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Community to turn Notting Hill Carnival green for Grenfell

SURVIVORS OF the Grenfell Tower fire and the wider community of North Kensington are calling on all attendees of this year’s Notting Hill Carnival (Sunday 27 – Monday 28 August) to show solidarity with the ongoing plight of those most deeply affected by wearing green to this year’s event.

They ask that we turn the carnival area green, and are encouraging attendees to wear green as a sign of empathy and acknowledgment with the dead and survivors of Grenfell Tower.

Justice4Daz: Vigil tonight for Darren Cumberbatch

A VIGIL is being hosted by Coventry Cathedral and the Justice4Daz Campaign, on behalf of the friends and family of Darren Cumberbatch, a 32-year-old Coventry man whose life support machine was switched off on July 19, 2017, after he was hospitalised following police contact in the early hours of July 10, 2017 at McIntyre House; a Hostel in Edward Street, Nuneaton.

As the circumstances surrounding Cumberbatch's death are subject to an Independent Police Complaints Commission (IPCC) inquiry, his internment will not be for some time.

Major changes afoot for Notting Hill Carnival bands

IN THE wake of recent terror attacks on the capital, Notting Hill Carnival’s mas and steel bands will see security inspections of trucks, face ID checks and heavy entry and exit restrictions when the annual two-day Caribbean street party gets underway this Bank Holiday weekend.

These changes have been recommended by Street Event Co (SEC), an event management company which was appointed by the carnival’s organiser, the London Notting Hill Carnival Enterprises Trust (LNHCET), in January 2017.

International Slavery Remembrance Day today in Greenwich

TODAY, THE National Maritime Museum in Greenwich will be marking International Slavery Remembrance Day with a series of emotive and informative free events for all ages.

Designated by UNESCO as International Slavery Remembrance Day, the date commemorates the 1791 Haitian Revolution, an uprising lead by enslaved Africans in Haiti that played a crucial role in the abolition of the international slave trade.

Who sells the cheapest school uniform?

BACK-TO-school shopping can put a big dent in your household budget, especially if you have more than one child. Value Penguin analysed the UK market to find the costs of your child's junior school uniform, so you can get an idea of what to expect to pay.

Update on Twitter storm over drugs raids linked to Carnival

A METROPOLITAN Police operation which took down suspected drug dealers in south London early yesterday (August 22) morning was the subject of ridicule on Twitter, when an ambiguously-worded post from the force's verified account linking the Catford raid to Notting Hill Carnival was posted. The Metropolitan Police issued a statement verifying the alleged link between the post and the August Bank Holiday event.

Slavery Remembrance Day inspires a call to action from Unite

UNITE, BRITAIN'S biggest union, is calling on the Government to mark today's (Wednesday August 23) Slavery Remembrance Day by committing to eliminate all forms of racism and hate crime through better education programmes in schools, stronger legislation and tougher penalties for perpetrators.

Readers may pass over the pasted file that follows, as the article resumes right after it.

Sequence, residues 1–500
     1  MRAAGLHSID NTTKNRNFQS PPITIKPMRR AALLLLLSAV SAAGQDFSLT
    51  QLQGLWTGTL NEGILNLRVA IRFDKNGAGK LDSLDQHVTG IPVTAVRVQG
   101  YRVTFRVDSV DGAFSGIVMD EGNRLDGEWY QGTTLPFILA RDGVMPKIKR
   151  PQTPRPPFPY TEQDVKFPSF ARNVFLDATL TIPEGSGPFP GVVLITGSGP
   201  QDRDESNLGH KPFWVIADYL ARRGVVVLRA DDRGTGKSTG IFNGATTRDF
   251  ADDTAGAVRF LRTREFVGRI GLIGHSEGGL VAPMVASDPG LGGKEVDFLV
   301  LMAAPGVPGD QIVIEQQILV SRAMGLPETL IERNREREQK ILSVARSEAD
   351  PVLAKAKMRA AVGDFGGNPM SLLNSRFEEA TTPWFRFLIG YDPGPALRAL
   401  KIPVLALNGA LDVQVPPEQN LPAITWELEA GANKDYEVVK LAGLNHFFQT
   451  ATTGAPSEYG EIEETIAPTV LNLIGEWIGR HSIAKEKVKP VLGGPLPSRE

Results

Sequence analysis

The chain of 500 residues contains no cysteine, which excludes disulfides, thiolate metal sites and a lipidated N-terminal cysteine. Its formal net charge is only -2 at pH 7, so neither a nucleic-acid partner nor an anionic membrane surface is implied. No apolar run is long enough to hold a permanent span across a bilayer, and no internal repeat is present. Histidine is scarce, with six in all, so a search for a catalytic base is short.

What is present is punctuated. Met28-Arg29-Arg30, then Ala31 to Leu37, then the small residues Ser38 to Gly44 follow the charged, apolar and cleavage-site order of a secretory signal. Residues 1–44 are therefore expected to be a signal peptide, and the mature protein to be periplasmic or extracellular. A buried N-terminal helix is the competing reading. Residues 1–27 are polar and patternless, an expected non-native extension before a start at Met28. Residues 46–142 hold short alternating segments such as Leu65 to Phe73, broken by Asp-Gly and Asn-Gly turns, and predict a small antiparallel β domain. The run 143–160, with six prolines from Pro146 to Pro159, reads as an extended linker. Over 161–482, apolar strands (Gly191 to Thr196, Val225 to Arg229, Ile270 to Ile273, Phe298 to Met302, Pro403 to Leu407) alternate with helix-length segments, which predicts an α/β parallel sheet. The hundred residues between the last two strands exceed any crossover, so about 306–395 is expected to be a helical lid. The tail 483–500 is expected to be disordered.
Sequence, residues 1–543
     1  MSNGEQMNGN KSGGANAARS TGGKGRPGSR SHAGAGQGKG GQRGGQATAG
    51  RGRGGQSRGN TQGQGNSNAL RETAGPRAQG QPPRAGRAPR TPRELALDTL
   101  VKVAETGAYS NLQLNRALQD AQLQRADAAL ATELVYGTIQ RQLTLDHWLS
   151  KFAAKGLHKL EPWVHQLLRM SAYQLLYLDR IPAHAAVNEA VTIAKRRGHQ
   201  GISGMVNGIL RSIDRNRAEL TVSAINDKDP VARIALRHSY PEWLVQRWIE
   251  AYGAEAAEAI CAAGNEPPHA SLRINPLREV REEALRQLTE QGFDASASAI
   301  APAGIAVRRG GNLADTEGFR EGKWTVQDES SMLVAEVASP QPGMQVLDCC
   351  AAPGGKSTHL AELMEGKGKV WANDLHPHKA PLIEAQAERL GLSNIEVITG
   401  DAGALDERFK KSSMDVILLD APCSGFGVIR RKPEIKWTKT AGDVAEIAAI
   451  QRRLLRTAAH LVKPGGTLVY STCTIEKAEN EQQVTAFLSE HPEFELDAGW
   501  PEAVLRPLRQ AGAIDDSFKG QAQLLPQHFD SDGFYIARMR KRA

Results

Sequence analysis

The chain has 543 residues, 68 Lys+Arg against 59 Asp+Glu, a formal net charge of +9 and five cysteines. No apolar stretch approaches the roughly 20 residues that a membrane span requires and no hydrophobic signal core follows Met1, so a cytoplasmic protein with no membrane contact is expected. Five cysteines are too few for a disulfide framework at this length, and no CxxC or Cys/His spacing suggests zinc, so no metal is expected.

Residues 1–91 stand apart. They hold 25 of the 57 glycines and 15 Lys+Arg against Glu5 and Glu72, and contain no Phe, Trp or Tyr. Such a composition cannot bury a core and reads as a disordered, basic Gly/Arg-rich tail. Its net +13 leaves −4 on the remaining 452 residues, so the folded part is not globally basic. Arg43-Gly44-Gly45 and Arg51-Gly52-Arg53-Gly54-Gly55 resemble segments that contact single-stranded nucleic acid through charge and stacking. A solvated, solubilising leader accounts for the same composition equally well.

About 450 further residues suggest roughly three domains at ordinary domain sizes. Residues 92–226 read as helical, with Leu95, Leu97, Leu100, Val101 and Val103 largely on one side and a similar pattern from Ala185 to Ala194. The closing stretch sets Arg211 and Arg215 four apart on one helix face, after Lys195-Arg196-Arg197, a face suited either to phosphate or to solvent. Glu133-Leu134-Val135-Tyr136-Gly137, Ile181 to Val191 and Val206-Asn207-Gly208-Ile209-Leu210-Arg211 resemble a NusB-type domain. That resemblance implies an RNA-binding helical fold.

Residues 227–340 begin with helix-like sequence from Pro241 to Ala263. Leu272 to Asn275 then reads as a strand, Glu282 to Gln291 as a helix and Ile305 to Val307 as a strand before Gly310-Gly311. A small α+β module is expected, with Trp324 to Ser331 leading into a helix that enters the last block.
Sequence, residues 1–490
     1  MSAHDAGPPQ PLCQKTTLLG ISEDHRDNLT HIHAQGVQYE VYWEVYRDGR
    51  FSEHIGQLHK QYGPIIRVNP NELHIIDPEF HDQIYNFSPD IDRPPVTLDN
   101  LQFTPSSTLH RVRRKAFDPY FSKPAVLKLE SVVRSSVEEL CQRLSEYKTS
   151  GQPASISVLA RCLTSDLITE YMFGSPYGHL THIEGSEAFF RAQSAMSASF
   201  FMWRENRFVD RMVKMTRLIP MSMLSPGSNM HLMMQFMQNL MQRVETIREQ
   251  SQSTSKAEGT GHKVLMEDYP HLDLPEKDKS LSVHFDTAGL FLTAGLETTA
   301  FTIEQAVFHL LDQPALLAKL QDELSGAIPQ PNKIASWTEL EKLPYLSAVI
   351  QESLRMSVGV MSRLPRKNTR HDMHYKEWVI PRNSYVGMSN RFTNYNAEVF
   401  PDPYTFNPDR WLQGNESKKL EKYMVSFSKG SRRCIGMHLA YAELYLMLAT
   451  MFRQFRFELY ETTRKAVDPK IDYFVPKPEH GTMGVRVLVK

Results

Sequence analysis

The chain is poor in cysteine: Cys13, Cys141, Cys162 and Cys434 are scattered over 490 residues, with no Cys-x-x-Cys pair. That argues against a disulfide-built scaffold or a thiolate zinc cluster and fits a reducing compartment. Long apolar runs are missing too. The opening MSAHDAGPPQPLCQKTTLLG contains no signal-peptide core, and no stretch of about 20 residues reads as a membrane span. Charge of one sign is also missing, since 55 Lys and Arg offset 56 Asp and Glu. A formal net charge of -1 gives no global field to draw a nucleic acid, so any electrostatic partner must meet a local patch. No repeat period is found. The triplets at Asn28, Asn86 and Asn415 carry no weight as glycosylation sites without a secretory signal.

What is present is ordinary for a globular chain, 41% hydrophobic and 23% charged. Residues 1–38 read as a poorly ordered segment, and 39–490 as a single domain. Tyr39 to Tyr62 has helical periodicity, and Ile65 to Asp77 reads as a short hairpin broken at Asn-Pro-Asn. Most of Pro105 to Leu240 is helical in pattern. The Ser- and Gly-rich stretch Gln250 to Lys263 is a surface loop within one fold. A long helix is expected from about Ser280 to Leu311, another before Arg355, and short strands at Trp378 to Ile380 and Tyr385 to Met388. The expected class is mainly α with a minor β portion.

The transatlantic slave trade dehumanised millions of victims and its consequences can still be seen in acts of race discrimination in our workplaces and in society today.

We remember Val McCalla, founder of 'The Voice'

'THE VOICE', Britain's only black-owned national newspaper to stand the test of time was set-up by former accountant Val McCalla in 1982 and launched at the Notting Hill Carnival that same year. In preparation for our 35th birthday on August 27, we look back with fondness at the legacy of McCalla; who died on this day, August 22, in 2002 of liver failure.

10 THINGS YOU MAY NOT HAVE KNOWN ABOUT VAL MCCALLA:

1. McCalla was born in 1943 in Kingston, Jamaica

2. McCalla was named number 68 in the 1997 '100 Great Britons' list

Cricket icon apologies for saying he'd need to 'black up'

A RESPECTED voice in English cricket, commentator and former batsman Geoffrey Boycott OBE has said sorry to fans after he told a Birmingham audience he would have a better chance of getting a knighthood if he 'blacked up'.

Boycott was being interviewed by Sky Sports at last week's test match against the West Indies at Edgbaston in Birmingham when he made hateful comments, which included the notion that knighthoods were handed out "like confetti" to West Indian cricket players.

The 76 year-old seemed bitter when he said:

Cambridge is using Hip-Hop Therapy to treat mental illness

RAP, CREATED in the 1970s in New York ghettos often receives negative press due to some of its messages which glorify drugs, violence and misogyny; however the genre has maintained a strong ability to influence, as evidenced in popular culture. This influence now extends to medicine.

Despite its 'dark' side, psychiatrists at Cambridge University have chosen to use Hip-Hop Therapy to treat patients who suffer from mental illnesses such as depression or schizophrenia.